November 5, 2007
Vermont Auto Emissions Regulations Upheld in Face of Preemption Challenge
In Green Mountain Chrysler Plymouth Dodge Jeep v. Crombie, the federal district court of the district of Vermont held that states other than California may adopt California's standards for controlling greenhouse gases from cars, without running afoul of federal preemption doctrine. The Clean Airt Act section 209(a) requires the EPA to waive preemption under certain circumstances, and states other than California may adopt such standards where waivers have been granted. The Vermont standards were sufficiently unrelated to fuel economy to avoid express preemption, Congress did not intend CAFE (corporate average fuel economy) standards to occupy the field, and the Vermont standards did not impermissibly intrude into the realm of foreign affairs or conflict with foreign policy.
Local Governments and Immigration
In recnet months, several local governments have tried to crack down on undocumented immigrants living within their boundaries. A recent important decision relates to the ordinances adopted by Hazelton, PA, stuck down in Loranzo v. City of Hazelton, PA. Hazelton had required those living in apartments to secure residency permits (upon a showing that they were citizens or lawful residents), prohibited owners of dwelling units from knowingly renting to illegal immigrants, and barred business entities from hiring or continuing to employ unlawful workers. The court found that plaintiffs had standing, and rested its decision on preemption, 42 USC 1981, and constitutional grounds.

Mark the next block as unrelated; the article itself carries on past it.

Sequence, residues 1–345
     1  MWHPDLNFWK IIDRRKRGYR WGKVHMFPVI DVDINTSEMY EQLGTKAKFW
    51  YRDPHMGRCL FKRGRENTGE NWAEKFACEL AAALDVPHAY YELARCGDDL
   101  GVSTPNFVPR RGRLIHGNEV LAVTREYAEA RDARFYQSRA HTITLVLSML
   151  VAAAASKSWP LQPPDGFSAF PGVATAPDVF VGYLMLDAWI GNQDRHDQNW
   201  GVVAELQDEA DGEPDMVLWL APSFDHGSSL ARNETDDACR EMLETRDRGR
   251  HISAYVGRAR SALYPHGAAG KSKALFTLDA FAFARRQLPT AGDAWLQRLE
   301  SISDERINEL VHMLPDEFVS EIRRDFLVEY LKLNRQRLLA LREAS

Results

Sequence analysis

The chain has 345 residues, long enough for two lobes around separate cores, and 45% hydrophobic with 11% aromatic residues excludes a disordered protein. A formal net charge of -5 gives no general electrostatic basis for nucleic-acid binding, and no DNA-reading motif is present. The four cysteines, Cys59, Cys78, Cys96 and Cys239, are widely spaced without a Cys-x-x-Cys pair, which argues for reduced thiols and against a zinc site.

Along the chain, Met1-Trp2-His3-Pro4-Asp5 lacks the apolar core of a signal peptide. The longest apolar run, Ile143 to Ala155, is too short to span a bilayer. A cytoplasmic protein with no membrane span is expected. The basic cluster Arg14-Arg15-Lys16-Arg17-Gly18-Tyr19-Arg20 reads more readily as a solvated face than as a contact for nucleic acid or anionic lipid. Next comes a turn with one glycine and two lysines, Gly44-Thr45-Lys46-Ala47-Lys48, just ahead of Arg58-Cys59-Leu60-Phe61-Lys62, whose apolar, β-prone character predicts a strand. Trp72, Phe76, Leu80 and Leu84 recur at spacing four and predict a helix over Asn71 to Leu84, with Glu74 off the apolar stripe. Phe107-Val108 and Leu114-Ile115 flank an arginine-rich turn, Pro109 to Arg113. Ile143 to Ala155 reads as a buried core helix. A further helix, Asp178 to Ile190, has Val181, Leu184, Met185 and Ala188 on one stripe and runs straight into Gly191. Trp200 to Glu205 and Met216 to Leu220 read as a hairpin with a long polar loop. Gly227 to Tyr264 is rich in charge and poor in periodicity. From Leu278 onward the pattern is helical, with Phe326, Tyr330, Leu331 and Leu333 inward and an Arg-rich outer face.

Zoning Basics in an Hour
I recently was asked to present "zoning basics" in 60 minutes to new municipal attorneys attending the yearly International Municipal Lawyers Association Conference in Nashville, TN. For those who face similar teaching challenges, I've attached my manuscript and slide presentation.
Garcetti aftermath: free speech and election races
In the aftermath of the U.S. Supreme Court's decision in Garcetti v. Ceballos, caselaw continues to be confusing. In Murphy v. Cockerell (6th Cir. 2007), two employees of the county property valuation administrator's office faced off in an election for the permanent position of property valuation administrator (the Republican had been appointed as the interim administrator, then moved the Democractic candidate to a back office). The victorious Republican fired the Democratic contender for her political speech during the election campaign. The Sixth Circuit held that there was no right to candidacy and concluded that the Democrat could be fired for running, but could not be fired for her political speech during the campaign. The court concluded that there was no evidence that the Democratic candidate's speech had impeded her ability to perform her duties, and that the Democratic candidate was also not a confidential employee subject to discharge under Elrod-Branti analysis.
State and Local Government in a Federal System (6th Ed) 2007 update
Readers of this blog who use the casebook on which I am a co-author (Mandelker, Salsich, Netsch, Wegner, Stevenson and Griffith, State and Local Govenrment in a Federal System, 6th Edition (Lexis 2007) ) lmay find the attached 2007 update letter of interest.
Excellent New Land Use Blog
Professor Patricia Salkin of Albany Law School has started an outstanding blog on land use law developments: http://lawoftheland.wordpress.com/about/ It's highly recommended.
Returning from Hiatus
I'm returning from a hiatus that has gone on longer than I'd hoped. If some readers of this blog are interested in joining in as affiliated editors, please contact me at email@example.com.